Some high school teachers might cringe at the thought of using a book about a fourth-or-fifth grade boy who doesn’t want to write poetry to teach their students about poetry, but never have I had such a positive reception to poetry as I do with Love That Dog by Sharon Creech. (And if this post encourages any high school teachers who are unfamiliar with the book to pick it up and give it a quick read, I think they’ll see what I mean. Be warned: you might cry.)
The book is written as Jack’s journal for Miss Stretchberry’s classroom. Throughout the school year, he responds to her writing assignments and poetry analysis exercises with his own poems–although they’re not poems, “because boys / don’t write poetry. / Girls do.” Miss Strechberry introduces her students to a wide range of poets–William Carlos Williams, Robert Frost, William Blake, Valerie Worth, Arnold Adoff, S.C. Rigg, and Walter Dean Myers. Jack mimics the style, rhyme, or form of the poets in his journal responses and even, although he’s not sure he wants to claim them, his own poems.
The structure of the book provides a great opportunity to teach these same poets and many poetic terms/forms/techniques.
First, I have my students make a book by tearing and folding paper. Then, they get the chance to decorate the cover of their poetry books. Depending on where we are in our study of poetry, we may do a poetry word web as a class and then freewrite about our feelings about poetry on the first couple of pages of the book.
I read the book aloud, but because the form of Jack’s journal is so important, I project the pages using my document camera/projector. When we get to the point that Creech introduces a new poem, I stop my read-aloud and share the poem. For example, on the third page of the book, Jack responds to “The Red Wheelbarrow” by William Carlos Williams. Prior to reading this page, I share Williams’s poem with my class. (Creech provides copies of each referenced poem in the back of the book, but I have written them on chart paper and made PowerPoint slides of them throughout the years.) We don’t analyze or discuss the poem; I just read it. Then, we read Jack’s response:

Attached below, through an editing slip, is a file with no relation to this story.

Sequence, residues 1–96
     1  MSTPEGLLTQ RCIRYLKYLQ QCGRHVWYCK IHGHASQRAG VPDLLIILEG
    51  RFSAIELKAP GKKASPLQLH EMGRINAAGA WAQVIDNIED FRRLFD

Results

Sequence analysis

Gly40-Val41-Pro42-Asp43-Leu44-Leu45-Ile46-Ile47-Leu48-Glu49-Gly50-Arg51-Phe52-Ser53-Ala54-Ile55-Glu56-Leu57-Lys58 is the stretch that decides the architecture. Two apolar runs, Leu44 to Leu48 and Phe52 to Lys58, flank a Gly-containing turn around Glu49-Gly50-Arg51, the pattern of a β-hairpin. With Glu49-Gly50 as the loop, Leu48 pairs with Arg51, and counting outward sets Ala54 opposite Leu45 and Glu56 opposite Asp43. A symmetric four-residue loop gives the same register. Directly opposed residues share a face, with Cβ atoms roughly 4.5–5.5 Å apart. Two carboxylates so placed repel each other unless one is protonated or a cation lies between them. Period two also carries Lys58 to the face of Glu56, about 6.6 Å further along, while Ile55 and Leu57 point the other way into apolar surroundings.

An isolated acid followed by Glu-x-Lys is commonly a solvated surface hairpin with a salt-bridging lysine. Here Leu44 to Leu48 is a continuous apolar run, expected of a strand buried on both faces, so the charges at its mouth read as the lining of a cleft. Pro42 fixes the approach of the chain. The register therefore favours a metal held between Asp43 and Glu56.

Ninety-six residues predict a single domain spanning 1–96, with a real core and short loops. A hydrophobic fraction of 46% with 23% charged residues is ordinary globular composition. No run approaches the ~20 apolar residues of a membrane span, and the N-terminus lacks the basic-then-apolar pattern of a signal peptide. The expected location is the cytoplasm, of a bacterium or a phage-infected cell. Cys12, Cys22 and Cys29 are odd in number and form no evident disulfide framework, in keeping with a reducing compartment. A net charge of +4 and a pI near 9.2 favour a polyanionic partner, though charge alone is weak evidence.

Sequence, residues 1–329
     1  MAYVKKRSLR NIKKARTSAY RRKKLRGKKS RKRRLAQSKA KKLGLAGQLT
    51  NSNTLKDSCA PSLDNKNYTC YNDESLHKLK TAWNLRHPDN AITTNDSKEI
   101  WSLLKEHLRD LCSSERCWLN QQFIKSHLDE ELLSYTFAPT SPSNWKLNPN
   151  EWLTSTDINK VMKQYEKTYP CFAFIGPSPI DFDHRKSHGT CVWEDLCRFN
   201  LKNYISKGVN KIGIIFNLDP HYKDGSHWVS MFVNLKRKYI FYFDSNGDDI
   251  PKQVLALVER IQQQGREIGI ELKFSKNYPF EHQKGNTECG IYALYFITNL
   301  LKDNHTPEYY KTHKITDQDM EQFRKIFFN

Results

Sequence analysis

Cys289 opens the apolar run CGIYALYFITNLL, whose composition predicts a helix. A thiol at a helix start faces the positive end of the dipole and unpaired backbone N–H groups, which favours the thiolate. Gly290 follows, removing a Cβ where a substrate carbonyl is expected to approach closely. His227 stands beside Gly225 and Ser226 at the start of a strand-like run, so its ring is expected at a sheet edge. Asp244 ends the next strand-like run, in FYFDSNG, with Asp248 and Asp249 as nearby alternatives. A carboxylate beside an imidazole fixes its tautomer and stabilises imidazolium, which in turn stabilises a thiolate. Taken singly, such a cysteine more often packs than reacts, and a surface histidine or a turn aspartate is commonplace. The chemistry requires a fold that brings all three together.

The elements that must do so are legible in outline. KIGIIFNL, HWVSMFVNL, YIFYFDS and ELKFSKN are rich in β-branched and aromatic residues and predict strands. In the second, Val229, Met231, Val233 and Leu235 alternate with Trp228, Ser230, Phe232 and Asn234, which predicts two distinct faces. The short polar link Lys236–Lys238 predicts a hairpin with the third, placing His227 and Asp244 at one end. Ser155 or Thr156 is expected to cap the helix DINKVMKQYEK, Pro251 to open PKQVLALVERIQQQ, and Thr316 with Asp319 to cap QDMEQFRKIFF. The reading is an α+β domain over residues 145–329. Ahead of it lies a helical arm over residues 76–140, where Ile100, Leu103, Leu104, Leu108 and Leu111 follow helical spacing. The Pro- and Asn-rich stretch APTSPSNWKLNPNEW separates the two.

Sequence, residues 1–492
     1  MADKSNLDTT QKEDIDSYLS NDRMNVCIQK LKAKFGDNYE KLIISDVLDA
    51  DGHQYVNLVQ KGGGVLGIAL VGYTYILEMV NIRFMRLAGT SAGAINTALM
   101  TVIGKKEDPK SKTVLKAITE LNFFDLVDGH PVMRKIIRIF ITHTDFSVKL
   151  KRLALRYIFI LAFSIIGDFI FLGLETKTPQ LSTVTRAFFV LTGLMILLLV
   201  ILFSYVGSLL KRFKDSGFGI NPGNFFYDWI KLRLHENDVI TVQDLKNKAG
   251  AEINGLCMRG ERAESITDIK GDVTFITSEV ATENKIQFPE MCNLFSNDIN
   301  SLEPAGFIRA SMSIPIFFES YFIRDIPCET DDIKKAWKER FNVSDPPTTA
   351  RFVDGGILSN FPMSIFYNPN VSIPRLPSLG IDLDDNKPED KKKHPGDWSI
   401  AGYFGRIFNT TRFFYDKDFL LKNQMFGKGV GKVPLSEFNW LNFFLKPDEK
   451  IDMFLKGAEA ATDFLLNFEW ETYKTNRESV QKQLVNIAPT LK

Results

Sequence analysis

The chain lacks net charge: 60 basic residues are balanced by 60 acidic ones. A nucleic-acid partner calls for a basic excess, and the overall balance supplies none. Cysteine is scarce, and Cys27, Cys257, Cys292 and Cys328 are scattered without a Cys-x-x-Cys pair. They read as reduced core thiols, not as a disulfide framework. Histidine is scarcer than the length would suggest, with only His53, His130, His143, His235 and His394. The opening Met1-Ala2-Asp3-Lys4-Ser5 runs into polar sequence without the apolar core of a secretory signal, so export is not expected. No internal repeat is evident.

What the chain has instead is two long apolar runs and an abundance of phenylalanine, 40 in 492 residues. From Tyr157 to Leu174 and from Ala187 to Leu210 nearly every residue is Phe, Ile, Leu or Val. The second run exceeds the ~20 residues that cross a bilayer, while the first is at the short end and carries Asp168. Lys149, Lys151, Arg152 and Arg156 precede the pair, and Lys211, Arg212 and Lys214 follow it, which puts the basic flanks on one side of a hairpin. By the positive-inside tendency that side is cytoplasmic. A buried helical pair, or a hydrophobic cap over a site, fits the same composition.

I don’t understand
the poem about
the red wheelbarrow
and the white chickens
and why so much
If that is a poem
about the red wheelbarrow
and the white chickens
then any words
can be a poem.
You’ve just got to
Now, the students create their own poem with short lines in their poetry booklets. I encourage them to start with “so much depends / upon” as Williams does (and as Jack will do on the following pages).
We do this throughout the book; you’ll see the natural breaking places for students to write–usually before Jack shares his response with us. It takes about a week to read and write our way through the book. It’s a fun, nonthreatening way to begin a deeper study of poetry and your students will probably surprise you with some of the poems they create. I offer them the chance to type up their favorites for display on a bulletin board at the end of the week.
One year, our introduction to poetry coincided with the NCAA basketball March Madness. I used the poems in this book and other class favorites to create a bracket starting with the Sweet 16. Students drew titles out of a hat, practiced reading the poems, prepared an explanation of why they thought that poem deserved to win, shared with the class and then we voted. All of my classes did the same activity and I tallied the votes at the end of each day to see which poems moved forward. The next day, we debated the merits of the new matchups and voted again. In the end, William Blake’s “The Tyger” was crowned our champion.